It was one of those blockbuster trades that sent shock waves throughout MLS.
Last month, Toronto FC bolstered its midfield when it acquired Canadian international Mark-Anthony Kaye in a trade with the Colorado Rapids. Kaye didn't come cheap, though. The Reds had to give up a number of assets, including fellow midfielder Ralph Priso.
Still only 20, Priso is considered one of the club's brightest prospects since making his MLS debut as an 18-year-old during the 2020 season under Greg Vanney. Since then, the TFC youth academy graduate impressed with his poised displays for the Reds, and it looked like he had a long future ahead of him at Toronto FC. But to get Kaye, TFC had to part ways with Priso, who has made three MLS appearances since being sent to Colorado.
Did Priso see the trade coming? Did he feel he received enough of a chance under Bob Bradley this year? And how did he view being dealt away by his hometown club?
In a one-on-one interview with TFC Republic, Priso discusses these topics and much more.
This Q&A has been lightly edited and trimmed for brevity and clarity.
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It's been almost seven weeks since the trade. How have you settled in Colorado?
I'm pretty settled. I have an apartment and a car. When the off-the-pitch stuff is resolved it makes the on-the-pitch stuff a lot easier. I'm living in Denver, but it's close to Commerce City [where the Rapids play at Dick's Sporting Goods Park]. It's my first time living outside of Toronto. It's a new experience. Nothing too crazy or challenging so far. I've prepared myself over the years for this, so no big adjustment. It's a different city and different people, not having family and friends I've always had around is different. The fact that I'm on my own and have to take care of myself is something new, but not difficult.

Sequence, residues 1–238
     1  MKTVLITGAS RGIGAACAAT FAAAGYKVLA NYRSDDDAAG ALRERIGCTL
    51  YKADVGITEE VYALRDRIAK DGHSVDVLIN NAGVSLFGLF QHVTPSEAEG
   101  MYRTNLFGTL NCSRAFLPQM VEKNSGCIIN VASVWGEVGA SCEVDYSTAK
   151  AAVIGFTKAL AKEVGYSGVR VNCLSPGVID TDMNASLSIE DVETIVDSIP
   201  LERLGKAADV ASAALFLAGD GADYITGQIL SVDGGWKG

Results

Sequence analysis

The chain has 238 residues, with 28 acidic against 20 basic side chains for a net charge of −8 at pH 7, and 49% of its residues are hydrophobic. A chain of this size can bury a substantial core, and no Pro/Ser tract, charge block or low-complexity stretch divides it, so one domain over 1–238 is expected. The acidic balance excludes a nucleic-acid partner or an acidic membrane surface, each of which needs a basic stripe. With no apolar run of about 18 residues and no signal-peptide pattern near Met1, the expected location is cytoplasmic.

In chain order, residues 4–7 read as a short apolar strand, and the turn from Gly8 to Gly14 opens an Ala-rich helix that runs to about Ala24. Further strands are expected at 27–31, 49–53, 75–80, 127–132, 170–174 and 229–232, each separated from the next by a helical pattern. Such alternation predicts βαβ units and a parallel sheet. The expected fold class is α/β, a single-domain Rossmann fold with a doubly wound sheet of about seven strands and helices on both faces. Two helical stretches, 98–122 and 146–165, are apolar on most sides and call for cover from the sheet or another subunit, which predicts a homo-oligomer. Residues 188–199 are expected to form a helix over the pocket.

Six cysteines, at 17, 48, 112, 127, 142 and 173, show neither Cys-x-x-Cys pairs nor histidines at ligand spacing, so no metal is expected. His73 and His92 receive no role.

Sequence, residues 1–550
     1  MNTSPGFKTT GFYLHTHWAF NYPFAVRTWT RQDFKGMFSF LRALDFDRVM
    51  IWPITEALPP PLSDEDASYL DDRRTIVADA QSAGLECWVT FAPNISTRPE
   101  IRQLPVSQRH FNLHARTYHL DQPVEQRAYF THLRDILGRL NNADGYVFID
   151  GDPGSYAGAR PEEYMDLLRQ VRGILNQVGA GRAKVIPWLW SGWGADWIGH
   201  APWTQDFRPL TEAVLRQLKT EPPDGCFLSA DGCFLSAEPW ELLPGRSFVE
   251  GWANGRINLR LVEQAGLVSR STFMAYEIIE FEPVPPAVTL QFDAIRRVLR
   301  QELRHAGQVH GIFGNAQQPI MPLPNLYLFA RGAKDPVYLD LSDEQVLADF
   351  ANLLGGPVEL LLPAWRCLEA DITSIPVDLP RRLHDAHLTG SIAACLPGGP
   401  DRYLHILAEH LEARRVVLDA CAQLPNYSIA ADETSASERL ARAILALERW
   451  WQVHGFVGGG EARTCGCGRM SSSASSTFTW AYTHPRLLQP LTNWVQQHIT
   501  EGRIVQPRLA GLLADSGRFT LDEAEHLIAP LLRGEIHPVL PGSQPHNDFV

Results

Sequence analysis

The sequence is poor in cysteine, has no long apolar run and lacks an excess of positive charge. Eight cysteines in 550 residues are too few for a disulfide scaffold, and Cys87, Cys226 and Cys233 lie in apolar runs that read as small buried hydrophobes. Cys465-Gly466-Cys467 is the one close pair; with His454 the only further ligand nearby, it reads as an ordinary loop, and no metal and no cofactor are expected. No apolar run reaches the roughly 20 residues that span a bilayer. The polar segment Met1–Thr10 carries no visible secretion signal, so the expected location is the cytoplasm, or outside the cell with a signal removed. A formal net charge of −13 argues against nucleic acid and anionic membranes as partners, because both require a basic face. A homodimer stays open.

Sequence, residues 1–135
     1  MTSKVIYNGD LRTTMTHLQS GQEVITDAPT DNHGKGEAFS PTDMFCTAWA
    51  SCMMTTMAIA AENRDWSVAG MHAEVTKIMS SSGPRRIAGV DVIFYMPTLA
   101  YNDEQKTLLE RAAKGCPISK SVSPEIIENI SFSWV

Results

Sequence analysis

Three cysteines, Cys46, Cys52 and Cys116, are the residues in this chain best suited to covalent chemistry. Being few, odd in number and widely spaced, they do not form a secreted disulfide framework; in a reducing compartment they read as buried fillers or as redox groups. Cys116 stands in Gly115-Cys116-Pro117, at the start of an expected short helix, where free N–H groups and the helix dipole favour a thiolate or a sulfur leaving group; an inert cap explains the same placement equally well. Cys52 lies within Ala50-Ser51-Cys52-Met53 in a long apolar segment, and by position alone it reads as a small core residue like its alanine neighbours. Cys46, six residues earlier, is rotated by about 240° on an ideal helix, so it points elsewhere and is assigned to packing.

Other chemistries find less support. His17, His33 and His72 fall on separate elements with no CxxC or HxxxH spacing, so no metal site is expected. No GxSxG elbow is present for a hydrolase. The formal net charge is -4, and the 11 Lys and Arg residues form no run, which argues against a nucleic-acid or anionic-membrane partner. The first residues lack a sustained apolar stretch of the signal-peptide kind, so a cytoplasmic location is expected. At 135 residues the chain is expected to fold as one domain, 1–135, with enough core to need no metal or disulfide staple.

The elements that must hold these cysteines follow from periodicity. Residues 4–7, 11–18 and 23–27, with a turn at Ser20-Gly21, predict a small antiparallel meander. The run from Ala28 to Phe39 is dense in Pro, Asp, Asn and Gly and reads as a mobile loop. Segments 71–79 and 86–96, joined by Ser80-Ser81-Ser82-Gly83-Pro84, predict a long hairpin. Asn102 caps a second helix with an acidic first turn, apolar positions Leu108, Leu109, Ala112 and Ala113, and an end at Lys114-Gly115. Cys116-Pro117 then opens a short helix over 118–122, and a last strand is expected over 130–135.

How do you find life under Colorado coach Robin Fraser, who was an assistant at TFC under Greg Vanney?
Robin left Toronto just before I started training with the first team in 2019, but he would come watch some of the TFC academy games, and he would run some of our training sessions when I was with TFC 2, so I spent a little bit of time with him before this.
You can see in the way he wants us to play the similarities in how Greg wanted to play. So, that's been good to have some sort of familiarity to be able to catch on quick. But you also see the things that are different and have his stamp on it. He's a calm, relaxed guy, easy to speak to. He'll be honest with me, so it's a good relationship. Some similarities with Bob [Bradley]. They both have a deep knowledge of the game, and they read the game in a really detailed way. But there's some differences as well in how they operate and coach.
You've made three MLS appearances (two starts) for Colorado since the trade. How have you fit into the Rapids' on-field system?